Sunday, January 15, 2012

Venus and Adonis by William Shakespeare

Shakespeare’s plays maybe where all his glory lies but you cannot discount his poems. He was a very prolific poet with 154 sonnets, 2 narrative poems and several smaller poems.  He isn’t called The Bard for nothing. It must have been a natural progression for him since most of his plays are also written in verse. I haven’t read too many of his sonnets yet, but a narrative poem like Venus and Adonis is very like his plays. Complex characters, lyrical dialogue, a tragic bent to the story and those evocative Shakespearean metaphors.

Venus and Adonis is the story of the goddess Venus and her love for the mortal Adonis. The poem begins with Venus wooing a reluctant Adonis. She praises him very eloquently and tries to persuade him to sit by her and accept her kisses. But Adonis is unmoved and impatient to go hunting, so he shrugs her off and goes in search of his horse. His horse however, being of a more romantic temperament, runs off with a pretty mare leaving a frustrated Adonis without a ride. Venus returns to his side and redoubles her efforts to try and seduce him. Finally Adonis relents slightly and gives her a kiss but he will go no further. His heart and mind are set at hunting a boar. Hearing this, Venus is alarmed and tries to dissuade him. She advices him to hunt a less ferocious beast but Adonis is adamant. The next day the hunt is on and Venus follows along to make sure Adonis is alright but seeing the raging and frothing boar brings back all her worst fears. I’ll leave you to read the rest for yourself.

Obviously, Shakespeare didn’t think this one up all by himself. It is based on a tale in Ovid’s Metamorphoses. Shakespeare did however introduce several twists and new elements here. For one, Metamorphoses portrays Venus and Adonis as lovers but Shakespeare makes Venus lovesick and Adonis ‘frosty’ so there is a whole other kind of chase and hunt going on here in addition to the obvious hunting scene. There is also a very beautiful interlude when Venus, believing her lover to be dead, admonishes and riles against death (Hateful divorce of love,’—thus chides she Death,—Grim-grinning ghost, earth’s worm, what dost thou mean-To stifle beauty and to steal his breath,) then, hopeful again, she placates death and tries to flatter him into leaving Adonis alone. Venus and Adonis is also the most sexually charged work by Shakespeare that I've ever read.  I don’t know the tone Ovid takes on this so I can’t compare but Shakespeare’s Venus is not coy about her passion for Adonis.

The foreword of the poem had a very flattering dedication to Henry Wriothesley, 3rd Earl of Southampton, who was at the time, the bard’s benefactor. Shakespeare assures Wriothesley that he will soon come up with a graver piece of work if Venus and Adonis earns his patron’s approval. The graver work turned out to be The Rape of Lucrece, another narrative poem based on another Roman legend from Ovid’s book. Although The Rape of Lucrece is generally considered the more superior poem, I really like Venus and Adonis much better. It is less action-packed but far wittier I thought. I leave you with one of my favourite couplets from the poem.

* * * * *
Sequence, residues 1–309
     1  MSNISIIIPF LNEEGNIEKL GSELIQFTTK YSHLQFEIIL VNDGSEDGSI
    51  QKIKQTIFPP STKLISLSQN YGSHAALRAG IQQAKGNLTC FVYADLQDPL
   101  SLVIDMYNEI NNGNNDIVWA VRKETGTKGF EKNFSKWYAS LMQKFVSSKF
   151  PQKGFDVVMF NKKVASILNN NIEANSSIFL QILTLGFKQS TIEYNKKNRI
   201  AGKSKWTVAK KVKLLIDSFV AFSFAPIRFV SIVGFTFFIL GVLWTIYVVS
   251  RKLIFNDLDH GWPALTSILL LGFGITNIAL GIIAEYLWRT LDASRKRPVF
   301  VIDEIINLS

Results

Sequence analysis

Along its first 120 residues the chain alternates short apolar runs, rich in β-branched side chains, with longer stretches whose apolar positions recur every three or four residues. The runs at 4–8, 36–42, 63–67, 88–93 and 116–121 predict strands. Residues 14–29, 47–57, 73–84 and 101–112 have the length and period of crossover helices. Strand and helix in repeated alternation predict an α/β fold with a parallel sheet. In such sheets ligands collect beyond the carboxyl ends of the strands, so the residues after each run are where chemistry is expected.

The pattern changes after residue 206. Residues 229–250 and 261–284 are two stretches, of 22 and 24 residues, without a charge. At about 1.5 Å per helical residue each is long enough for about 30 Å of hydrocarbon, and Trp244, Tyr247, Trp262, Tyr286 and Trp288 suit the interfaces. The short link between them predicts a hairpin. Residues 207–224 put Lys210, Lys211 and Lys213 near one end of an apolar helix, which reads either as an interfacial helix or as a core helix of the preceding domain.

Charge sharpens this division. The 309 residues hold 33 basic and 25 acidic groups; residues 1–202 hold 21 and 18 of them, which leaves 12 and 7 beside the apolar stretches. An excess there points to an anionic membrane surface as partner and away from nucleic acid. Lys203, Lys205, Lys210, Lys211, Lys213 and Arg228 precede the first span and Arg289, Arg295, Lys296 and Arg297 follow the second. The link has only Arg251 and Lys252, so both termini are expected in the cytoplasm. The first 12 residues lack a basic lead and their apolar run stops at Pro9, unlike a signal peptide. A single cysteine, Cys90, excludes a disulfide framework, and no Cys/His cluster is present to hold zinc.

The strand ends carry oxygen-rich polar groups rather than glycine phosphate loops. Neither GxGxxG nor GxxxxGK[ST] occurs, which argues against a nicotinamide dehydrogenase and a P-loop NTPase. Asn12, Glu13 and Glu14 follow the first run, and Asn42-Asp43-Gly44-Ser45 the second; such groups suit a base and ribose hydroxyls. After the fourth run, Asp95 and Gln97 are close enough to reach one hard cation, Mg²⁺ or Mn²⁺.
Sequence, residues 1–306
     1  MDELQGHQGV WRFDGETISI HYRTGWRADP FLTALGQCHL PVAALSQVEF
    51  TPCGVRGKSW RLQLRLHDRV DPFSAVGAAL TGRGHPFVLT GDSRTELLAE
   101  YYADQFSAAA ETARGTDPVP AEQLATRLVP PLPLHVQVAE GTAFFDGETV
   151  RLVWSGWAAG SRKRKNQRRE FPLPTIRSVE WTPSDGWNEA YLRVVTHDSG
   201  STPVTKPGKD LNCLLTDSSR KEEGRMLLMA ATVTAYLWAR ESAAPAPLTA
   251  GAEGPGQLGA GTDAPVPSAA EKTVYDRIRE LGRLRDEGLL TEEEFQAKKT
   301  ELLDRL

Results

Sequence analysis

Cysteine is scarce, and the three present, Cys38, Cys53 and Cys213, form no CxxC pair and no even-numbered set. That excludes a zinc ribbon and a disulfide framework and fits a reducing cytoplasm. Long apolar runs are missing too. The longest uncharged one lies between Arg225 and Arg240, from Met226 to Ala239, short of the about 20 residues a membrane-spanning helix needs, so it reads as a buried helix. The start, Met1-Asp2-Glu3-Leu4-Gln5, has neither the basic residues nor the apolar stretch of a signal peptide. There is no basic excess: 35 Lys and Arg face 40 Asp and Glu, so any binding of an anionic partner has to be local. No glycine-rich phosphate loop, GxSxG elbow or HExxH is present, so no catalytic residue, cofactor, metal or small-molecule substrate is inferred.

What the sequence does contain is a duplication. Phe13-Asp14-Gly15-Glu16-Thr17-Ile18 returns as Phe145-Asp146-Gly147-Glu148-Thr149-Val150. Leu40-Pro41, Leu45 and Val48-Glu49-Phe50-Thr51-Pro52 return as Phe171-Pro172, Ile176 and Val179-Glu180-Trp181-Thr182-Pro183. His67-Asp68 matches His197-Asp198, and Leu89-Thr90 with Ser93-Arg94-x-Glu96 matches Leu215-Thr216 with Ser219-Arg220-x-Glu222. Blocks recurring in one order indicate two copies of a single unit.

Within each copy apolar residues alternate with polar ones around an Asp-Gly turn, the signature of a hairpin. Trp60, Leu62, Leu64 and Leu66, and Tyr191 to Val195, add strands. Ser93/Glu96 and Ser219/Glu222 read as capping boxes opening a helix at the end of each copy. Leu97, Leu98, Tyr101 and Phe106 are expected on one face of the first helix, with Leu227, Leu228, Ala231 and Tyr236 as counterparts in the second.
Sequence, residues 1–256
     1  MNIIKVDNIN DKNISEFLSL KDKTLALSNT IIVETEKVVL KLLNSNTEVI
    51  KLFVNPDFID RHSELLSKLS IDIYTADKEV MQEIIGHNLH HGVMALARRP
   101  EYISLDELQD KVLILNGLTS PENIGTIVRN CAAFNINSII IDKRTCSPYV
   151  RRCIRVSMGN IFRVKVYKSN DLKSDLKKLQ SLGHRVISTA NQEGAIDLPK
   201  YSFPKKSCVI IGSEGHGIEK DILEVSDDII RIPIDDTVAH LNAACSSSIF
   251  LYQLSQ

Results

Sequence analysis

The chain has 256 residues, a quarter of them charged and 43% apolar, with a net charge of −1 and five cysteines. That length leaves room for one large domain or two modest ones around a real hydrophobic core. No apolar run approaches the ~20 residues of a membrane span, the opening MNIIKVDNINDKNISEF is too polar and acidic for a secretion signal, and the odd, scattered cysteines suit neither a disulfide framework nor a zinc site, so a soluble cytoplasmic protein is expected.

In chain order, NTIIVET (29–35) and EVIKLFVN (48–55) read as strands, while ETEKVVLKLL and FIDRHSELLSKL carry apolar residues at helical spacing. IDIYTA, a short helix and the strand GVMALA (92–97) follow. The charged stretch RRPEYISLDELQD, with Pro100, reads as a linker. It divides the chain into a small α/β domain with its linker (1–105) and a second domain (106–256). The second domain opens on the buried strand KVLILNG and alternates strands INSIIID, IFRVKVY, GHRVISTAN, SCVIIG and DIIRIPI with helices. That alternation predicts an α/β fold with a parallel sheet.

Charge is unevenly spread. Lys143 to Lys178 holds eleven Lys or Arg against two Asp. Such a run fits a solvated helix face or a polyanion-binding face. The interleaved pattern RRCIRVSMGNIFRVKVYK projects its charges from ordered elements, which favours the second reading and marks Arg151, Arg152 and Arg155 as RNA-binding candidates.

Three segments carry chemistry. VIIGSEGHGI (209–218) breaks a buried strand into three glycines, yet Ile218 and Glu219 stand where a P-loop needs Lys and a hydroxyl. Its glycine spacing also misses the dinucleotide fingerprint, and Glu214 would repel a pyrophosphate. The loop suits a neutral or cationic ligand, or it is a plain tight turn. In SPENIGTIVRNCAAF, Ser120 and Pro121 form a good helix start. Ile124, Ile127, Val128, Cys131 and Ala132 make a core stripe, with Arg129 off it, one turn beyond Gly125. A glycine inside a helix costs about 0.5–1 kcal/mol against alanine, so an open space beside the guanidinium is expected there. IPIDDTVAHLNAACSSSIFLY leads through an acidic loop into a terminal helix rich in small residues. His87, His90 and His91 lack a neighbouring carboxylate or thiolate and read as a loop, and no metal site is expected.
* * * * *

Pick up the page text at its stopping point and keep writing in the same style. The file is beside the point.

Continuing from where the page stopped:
"For where Love reigns, disturbing Jealousy
Doth call himself Affection's sentinel;
Gives false alarms, suggesteth mutiny,
And in a peaceful hour doth cry `Kill, kill!'
Distemp'ring gentle Love in his desire,
As air and water do abate the fire.

"This sour informer, this bate-breeding spy,
This canker that eats up Love's tender spring,
This carry-tale, dissentious Jealousy,
That sometime true news, sometime false doth bring,
Knocks at my heart, and whispers in mine ear
That if I love thee I thy death should fear;


  1. The only poems by Shakespeare I have ever read are some of the sonnets. I'm familiar with the story of Venus and Adonis and it's a great one :)

    1. I too had only read a few of his sonnets until now. Venus and Adonis was a real treat to read.

  2. This is a new one for me. I must go and look it up.

    1. its pretty easily available online. Hope you enjoy it.

  3. It never occurred to me to read his poems. If they take the formation of a tale though it sounds up my street. I also think I would read Ovid first just to compare them. Will work my way through his plays for now though.

    1. When you do read Ovid's version of Venus and Adonis or Rape of Lucrece, I'd love to know what you thought of it and how these myths are played out in that version. I'm afraid I only had the time to read the summaries of the Ovid versions.

  4. I actually had never heard of this poem until the other day. I'm not sure if I'll get around to reading it this month or not, but I hope to.